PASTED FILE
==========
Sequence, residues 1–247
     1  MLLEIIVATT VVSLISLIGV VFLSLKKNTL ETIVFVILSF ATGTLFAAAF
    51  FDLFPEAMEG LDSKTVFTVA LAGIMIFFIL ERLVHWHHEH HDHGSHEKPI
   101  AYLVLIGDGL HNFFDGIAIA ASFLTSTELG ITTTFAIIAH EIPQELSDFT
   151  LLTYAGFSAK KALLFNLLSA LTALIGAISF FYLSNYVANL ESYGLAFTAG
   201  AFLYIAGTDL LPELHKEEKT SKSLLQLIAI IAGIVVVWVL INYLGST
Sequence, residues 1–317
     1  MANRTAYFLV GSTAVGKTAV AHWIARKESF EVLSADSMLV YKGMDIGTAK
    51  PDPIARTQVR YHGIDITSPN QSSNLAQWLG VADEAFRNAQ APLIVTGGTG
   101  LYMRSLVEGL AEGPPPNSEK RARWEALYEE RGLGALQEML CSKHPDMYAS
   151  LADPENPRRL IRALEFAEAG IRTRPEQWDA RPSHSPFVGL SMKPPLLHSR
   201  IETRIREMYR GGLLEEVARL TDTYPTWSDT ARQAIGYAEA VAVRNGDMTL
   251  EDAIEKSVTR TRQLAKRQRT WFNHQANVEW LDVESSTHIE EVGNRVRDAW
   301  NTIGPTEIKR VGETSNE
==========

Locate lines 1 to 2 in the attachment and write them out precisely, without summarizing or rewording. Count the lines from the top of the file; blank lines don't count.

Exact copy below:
Sequence, residues 1–247
     1  MLLEIIVATT VVSLISLIGV VFLSLKKNTL ETIVFVILSF ATGTLFAAAF